Banking on Baseball: The Legend We Call Ernie Banks

Image of Ernie Banks published in Chicago Sun Times

What makes someone beloved? Is that even something we can answer? I found myself asking this question about shortstop and first baseman Ernie Banks. “Mr. Cub,” as he was dubbed by Chicago newspaper writer Jim Enright, became Banks’ go-to nickname during his time with the Chicago Cubs [1]. He played his entire nineteen-year career in the Major League with the Cubs and stayed with them as a coach and ambassador after he retired from playing in 1971. Ernie Banks is the one player who “thoroughly and completely identified with the Cubs…[and] represented the franchise with class and enthusiasm” [2]. Despite his career as a player having ended nearly 50 years ago, Chicagoans of all ages seem to know and love Ernie Banks for what he represents as a person and baseball player.

Ernie Banks Statue outside Wrigley Field, dedicated on March 31, 2008

Teammates and non-teammates alike do not hesitate to express their appreciation for Banks. For that reason, on March 31, 2008, opening day for the Chicago Cubs’ baseball season, a statue was unveiled right outside the Clark street entrance to Wrigley Field of Ernie Banks. At the unveiling of his statue, other famous and well-respected baseball players including Hank Aaron, Billy Williams, and Ron Santo spoke to highlight the spirit Ernie Banks embodied that made him the perfect ballplayer [3]. If you know Ernie Banks, you know his most-quoted phrase, “Let’s play two.” His love for the game and the Cubs, his incredible skill, and his positive energy are what drew people to him, even those who didn’t grow up watching him play. In an interview with the Chicago Tribune, Banks noted after being awarded the Presidential Medal of Freedom, “Barack Obama gave it to me; he’d never seen me play!” [4]. But having a statue outside Wrigley Field showing him waiting for a pitch and engraved with his nickname, favorite phrase, and career accomplishments is a way for his legacy to live on and communicate to passersby who he was, what he did, and what he means to so many people.


With all the love Banks receives from fans past and present, one would think he grew up living and breathing Chicago and baseball. However, he grew up in Dallas, Texas and played football and basketball for his high school teams and softball on the community team. It was on the community softball team where Banks was recognized for his potential to play baseball as a career. In 1948, Bill Blair noticed seventeen-year-old Banks and recruited him for the Negro Baseball League. Blair was a pitcher and outfielder in the Negro League in the late 1940s and at the time he saw Banks playing, he was scouting for new players in Amarillo, Texas.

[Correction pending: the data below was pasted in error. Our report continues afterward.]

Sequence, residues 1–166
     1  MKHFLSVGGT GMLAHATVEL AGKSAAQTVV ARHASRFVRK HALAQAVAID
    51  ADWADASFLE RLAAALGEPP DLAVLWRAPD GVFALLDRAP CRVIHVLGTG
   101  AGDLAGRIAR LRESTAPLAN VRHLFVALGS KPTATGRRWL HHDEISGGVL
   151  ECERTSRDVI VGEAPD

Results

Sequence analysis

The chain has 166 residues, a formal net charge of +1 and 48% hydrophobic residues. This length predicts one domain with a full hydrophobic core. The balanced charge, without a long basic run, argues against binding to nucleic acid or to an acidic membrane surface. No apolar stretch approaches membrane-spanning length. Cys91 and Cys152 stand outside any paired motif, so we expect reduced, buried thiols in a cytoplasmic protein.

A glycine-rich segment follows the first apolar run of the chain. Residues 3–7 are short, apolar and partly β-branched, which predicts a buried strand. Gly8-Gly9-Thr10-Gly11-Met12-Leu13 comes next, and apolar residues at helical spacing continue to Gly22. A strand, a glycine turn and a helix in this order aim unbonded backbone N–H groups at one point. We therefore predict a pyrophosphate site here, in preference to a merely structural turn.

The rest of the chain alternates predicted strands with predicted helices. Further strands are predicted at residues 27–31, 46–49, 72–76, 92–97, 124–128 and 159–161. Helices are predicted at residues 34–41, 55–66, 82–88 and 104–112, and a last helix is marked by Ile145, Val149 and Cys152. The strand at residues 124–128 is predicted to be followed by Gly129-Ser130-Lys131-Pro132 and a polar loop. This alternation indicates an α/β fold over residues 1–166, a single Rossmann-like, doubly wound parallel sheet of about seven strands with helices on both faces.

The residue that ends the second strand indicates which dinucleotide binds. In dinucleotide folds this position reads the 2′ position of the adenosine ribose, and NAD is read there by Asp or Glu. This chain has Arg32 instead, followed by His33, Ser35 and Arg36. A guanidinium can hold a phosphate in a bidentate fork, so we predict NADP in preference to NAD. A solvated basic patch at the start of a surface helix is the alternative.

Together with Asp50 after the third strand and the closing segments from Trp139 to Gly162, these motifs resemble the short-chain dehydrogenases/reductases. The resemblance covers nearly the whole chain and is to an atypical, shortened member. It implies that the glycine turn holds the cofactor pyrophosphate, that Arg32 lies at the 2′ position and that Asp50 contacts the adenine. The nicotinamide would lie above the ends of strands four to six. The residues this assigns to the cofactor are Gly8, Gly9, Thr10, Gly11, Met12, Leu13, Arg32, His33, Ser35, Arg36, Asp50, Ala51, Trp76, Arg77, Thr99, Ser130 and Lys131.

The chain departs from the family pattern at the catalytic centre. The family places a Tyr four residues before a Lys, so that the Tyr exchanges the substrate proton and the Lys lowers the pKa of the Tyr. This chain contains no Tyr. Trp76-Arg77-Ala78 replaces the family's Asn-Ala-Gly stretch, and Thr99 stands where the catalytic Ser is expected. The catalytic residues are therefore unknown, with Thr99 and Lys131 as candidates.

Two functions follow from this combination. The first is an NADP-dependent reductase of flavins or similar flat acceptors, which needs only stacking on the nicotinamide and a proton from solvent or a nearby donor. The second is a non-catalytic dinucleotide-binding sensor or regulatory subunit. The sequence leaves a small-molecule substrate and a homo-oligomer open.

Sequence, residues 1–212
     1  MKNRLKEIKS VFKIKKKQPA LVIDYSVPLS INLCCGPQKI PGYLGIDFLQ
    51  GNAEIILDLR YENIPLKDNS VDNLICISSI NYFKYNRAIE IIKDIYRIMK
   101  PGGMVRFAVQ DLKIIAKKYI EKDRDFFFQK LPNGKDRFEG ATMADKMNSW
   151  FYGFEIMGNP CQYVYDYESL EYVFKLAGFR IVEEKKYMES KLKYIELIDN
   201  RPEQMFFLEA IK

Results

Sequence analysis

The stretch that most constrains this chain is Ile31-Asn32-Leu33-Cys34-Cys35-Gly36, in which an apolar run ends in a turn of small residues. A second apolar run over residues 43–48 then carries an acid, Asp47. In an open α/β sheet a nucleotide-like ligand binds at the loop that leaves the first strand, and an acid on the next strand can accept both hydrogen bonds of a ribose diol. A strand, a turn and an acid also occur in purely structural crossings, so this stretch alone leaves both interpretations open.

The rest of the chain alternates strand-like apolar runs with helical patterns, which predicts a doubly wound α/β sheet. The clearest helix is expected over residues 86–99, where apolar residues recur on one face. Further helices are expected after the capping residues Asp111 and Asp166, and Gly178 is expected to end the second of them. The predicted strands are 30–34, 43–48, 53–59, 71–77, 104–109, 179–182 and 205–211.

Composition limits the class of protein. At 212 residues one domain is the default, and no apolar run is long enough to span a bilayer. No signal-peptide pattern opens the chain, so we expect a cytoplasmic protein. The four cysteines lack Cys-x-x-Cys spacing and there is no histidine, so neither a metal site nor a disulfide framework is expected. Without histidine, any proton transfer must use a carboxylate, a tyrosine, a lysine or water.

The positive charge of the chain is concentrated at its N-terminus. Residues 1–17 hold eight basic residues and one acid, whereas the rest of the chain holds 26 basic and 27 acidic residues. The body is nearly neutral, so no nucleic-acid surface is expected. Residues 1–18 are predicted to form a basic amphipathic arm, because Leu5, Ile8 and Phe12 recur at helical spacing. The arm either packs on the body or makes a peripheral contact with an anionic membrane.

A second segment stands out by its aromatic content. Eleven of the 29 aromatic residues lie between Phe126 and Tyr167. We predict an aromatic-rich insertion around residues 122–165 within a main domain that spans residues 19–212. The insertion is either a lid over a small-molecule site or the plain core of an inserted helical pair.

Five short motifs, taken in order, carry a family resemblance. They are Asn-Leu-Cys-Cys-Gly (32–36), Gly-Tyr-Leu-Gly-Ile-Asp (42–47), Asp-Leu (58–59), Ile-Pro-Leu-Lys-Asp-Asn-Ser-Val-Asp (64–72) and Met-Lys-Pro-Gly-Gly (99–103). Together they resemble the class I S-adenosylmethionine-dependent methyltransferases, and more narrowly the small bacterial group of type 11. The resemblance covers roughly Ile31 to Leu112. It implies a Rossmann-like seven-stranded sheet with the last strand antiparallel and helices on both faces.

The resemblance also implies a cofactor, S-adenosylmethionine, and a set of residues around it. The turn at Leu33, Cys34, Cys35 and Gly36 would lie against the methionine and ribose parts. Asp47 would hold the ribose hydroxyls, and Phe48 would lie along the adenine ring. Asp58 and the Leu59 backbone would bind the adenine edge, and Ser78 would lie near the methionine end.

The Negro Leagues was a product of the racial segregation that characterized America after the Civil War. According to Edward White, “[n]o stated policy or written rule existed that barred blacks from participating in Organized Baseball. It was nonetheless apparent that no blacks could participate” [5]. By 1903, segregated baseball leagues for whites and Blacks were firmly established. This did not change until 1947 when Jackie Robinson was signed to the Brooklyn Dodgers, making him the first person to break the color barrier. However, it took another twelve years for every team in the Major League to include Black players in their lineups, with the Boston Red Sox being the last team to sign a black player in 1959 [6].


Ernie Banks, who had played in the Negro League for the Kansas City Monarchs, broke the color barrier for the Chicago Cubs, as he was the first Black player they signed in 1953. He would go on to have an incredible career of hitting 512 home runs, hitting five grand slams in a single season (1955), setting a Major League record as a shortstop that same season by hitting forty-four homeruns in a season—then breaking his own record with forty-seven homeruns in 1958—and being the first National League player to be named MVP two years in a row (1958 and 1959) [7]. Banks accomplished all this without ever playing in a post-season game. Ernie’s nineteen years with the Cubs was during their 37-year losing streak that kept them from making it to the post-season. During Banks’ residency from 1953-1971, the Cubs hadn’t competed in the post-season since they lost to the Detroit Tigers in 1945 for the World Series, and it would still be another twelve years after Banks retired that the Cubs would make it to the League Championship Series, where they would lose to the San Diego Padres in 1984.


Perhaps that is what makes it even more remarkable that Ernie Banks is so beloved by Chicagoans despite their losing record throughout Banks’ career as a Chicago Cub. Being known and loved for his enthusiasm for a game and a team that could not seem to have a winning season for the entirety of his career is a remarkable quality and a testament to Banks’ character. Honoring Banks and his legacy with his statue outside the main entrance of the “friendly confines” of Wrigley Field is a show of respect and appreciation of his positive devotion to the Cubs franchise throughout his life [8].